David’s project (draft)

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    David M. deLeon
    Prof. Wai Chee Dimock
    Performing American Literature
    March 6, 2017

    Cane and Kabnis

    The project in question is how to translate, perform, reexamine, retell, reenact Jean Toomer’s seminal novel/short story collection/lyric sequence/closet drama/uncategorizable other Cane. This work (for it is impossible to further define what it is generically), published in 1923 to near-universal acclaim, explores the black identity through multiple sections, modes, genres, and registers. What it doesn’t do is ever settle on a singular form or singular answer. As Karen Ford writes:

    Here is a poetics of disruption. Cane rejects the burden of representation, disrupting formal conventions as a means of shattering racial expectations. Cane still performs a political function but now through the indeterminacy, not the authenticity, of racial identity. The text registers resistance to rigid racial categorizations in the ambiguity of its formal structures, and what is “represented” is the impossibility of a stable racial portrayal.

    Of course, there is no reason we need to retell this story; it is already told. However, the form of the final section, a three-act closet drama titled “Kabnis,” invites us to think of the work not only as text but as performance of text. Performance studies theorists from Daniel Conquergood on have stressed performance, actively acting-out, as fundamental to racial and cultural identity. Performance is how a culture is, it is how a culture does, and the dialogic interaction of performances makes the drama of race relations. Rather than see Cane and “Kabnis” as historical texts existing far in the past, the form of “Kabnis” insists that we view it as an active, present-tense performance, and a retelling or recasting of this performance today would make this present available to a new generation of performers. Toomer wanted to perform “Kabnis” in his lifetime but was rejected by contemporary playhouses, who thought the play lacked narrative focus (which it does).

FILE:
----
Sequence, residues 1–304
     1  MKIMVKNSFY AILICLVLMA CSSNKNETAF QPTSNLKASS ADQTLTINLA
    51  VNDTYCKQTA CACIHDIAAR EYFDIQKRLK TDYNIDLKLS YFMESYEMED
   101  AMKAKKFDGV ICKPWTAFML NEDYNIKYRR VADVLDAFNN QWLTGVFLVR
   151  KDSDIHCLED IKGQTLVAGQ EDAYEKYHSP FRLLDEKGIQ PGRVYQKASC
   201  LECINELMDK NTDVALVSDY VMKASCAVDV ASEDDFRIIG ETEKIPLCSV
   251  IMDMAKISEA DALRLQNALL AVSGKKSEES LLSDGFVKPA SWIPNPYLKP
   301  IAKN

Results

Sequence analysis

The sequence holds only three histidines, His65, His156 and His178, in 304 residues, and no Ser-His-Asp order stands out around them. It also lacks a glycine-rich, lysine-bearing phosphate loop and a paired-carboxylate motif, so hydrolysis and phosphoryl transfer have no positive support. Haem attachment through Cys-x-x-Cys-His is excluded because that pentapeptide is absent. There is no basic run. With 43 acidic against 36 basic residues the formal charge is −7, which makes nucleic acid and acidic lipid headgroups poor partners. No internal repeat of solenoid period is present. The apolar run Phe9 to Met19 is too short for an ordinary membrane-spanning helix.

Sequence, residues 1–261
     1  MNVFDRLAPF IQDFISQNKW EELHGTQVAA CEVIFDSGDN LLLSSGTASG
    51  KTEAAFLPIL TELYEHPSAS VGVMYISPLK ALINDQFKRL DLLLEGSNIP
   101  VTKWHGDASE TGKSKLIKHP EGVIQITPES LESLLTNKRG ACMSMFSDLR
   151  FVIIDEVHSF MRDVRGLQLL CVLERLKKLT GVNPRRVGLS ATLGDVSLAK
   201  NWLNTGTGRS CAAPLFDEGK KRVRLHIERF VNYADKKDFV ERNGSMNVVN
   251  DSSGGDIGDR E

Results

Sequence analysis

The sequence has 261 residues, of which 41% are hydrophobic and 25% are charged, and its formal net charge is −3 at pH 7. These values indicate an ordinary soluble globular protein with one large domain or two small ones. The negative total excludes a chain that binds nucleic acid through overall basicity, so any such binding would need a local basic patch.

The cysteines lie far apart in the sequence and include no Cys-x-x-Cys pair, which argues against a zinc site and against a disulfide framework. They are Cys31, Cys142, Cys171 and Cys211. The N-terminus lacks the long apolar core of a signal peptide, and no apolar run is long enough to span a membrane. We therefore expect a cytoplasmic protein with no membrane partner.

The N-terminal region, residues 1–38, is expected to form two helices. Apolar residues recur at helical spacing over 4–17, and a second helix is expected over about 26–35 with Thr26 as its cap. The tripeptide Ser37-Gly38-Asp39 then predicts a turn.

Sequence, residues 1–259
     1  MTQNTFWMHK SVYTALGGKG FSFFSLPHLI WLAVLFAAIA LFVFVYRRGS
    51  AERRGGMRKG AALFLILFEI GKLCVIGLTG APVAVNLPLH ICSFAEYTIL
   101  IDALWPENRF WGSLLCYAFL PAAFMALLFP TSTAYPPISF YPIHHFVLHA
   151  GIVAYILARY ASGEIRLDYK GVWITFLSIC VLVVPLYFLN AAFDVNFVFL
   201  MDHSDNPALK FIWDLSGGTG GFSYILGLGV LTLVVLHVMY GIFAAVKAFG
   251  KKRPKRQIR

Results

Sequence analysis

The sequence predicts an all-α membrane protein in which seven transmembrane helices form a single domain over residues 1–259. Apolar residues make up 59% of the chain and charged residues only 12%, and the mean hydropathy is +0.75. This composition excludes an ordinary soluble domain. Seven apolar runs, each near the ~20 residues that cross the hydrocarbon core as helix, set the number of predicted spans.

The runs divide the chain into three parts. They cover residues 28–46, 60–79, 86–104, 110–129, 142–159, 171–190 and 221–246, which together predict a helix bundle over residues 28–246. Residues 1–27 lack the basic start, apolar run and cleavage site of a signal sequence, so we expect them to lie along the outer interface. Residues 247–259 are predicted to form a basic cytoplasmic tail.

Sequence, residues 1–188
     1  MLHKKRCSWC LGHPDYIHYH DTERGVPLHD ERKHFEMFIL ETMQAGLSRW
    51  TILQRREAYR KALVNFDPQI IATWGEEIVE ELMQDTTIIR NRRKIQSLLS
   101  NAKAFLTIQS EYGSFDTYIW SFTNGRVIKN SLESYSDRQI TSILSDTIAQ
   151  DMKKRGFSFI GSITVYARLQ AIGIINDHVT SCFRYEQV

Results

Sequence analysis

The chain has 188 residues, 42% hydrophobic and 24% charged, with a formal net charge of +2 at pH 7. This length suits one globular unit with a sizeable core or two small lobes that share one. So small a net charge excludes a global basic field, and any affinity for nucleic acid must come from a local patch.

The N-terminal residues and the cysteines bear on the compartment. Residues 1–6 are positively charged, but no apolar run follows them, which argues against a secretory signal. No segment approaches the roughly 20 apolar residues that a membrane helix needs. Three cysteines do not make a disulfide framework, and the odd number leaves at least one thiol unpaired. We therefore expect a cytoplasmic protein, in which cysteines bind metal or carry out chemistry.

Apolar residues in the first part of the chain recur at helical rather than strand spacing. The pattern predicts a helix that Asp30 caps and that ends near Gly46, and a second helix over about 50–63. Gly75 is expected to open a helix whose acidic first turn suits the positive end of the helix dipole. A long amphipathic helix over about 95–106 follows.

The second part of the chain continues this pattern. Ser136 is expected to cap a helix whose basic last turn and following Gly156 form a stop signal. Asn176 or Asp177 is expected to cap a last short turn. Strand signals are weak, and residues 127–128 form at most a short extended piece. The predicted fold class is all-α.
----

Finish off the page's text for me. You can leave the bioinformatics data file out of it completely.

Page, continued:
This will not be an easy task, though. Much of Cane is set in its historical time, and much reflects the problems inherent to both Toomer’s milieu and to Toomer himself. Famously, Toomer rejected his black heritage after 1931, declaring himself simply an “American.” He also depicts life in rural Georgia as an outsider, a northern-born light-skinned and well-educated black man slumming it in the ignorant south, and some of his representations verge on exoticizing the simple, rural life of the post-slavery south. There is also the problem of Toomer’s sexual politics. While the vignettes in Cane depict black women and their bodies free of many of the stereotypes of his time and invest them with agency and power, they are still uncomfortably sexualized — even the children — and through this sexualization are idealized into the angel/whore dichotomy that is so pernicious in society.

    A retelling of Cane would have to address all three of these issues. But simply the process of devising this with contemporary actors would bring these issues out. I trust their creativity to respond to the problems in creative ways. And I trust the play to remain relevant, despite its flaws, its historical and geographic fixity, its strange accents. If Moonlight has taught us anything it is that depicting the black experience doesn’t require white people, and this is what interests me the most in Cane. It is the experience of a black person trying to define their identity against other black people — in a legacy of slavery but not necessarily in response to white people. All of the characters in “Kabnis” are shades of black, and the implicit color hierarchy is very much on display.
    The steps of this project are as follows:

    • Make a text. “Kabnis” is hosted on the Black Drama, 2nd Edition website in a roughly dramatic form. This would need to be transcribed into a proper modern play format. Places where stage directions run long would be marked for cutting. During the devising process we would decide if any of these (often beautiful) passages need to be spoken. The play would also need to be marked for cutting for length.
    • Make a secondary text. The plays and vignettes in Cane play a part in the unfolding drama, and it is important to find ways to fold these into the dramatic action of “Kabnis.” If the character of Kabnis is Toomer’s authorial stand-in, the vignettes and poems can be performed as Kabnis’s reflections/experiences.
    • Gather a set of actors/writers/directors of color. Read through the shortened text, changing roles and scenes at will. Discuss problems, moments of clarity, dramatic through-lines, possibilities. Consider bringing these discussions into the mix.
    • Moving forward: what in here is worth developing? Is there any section we’d want to perform at the mini-conference?
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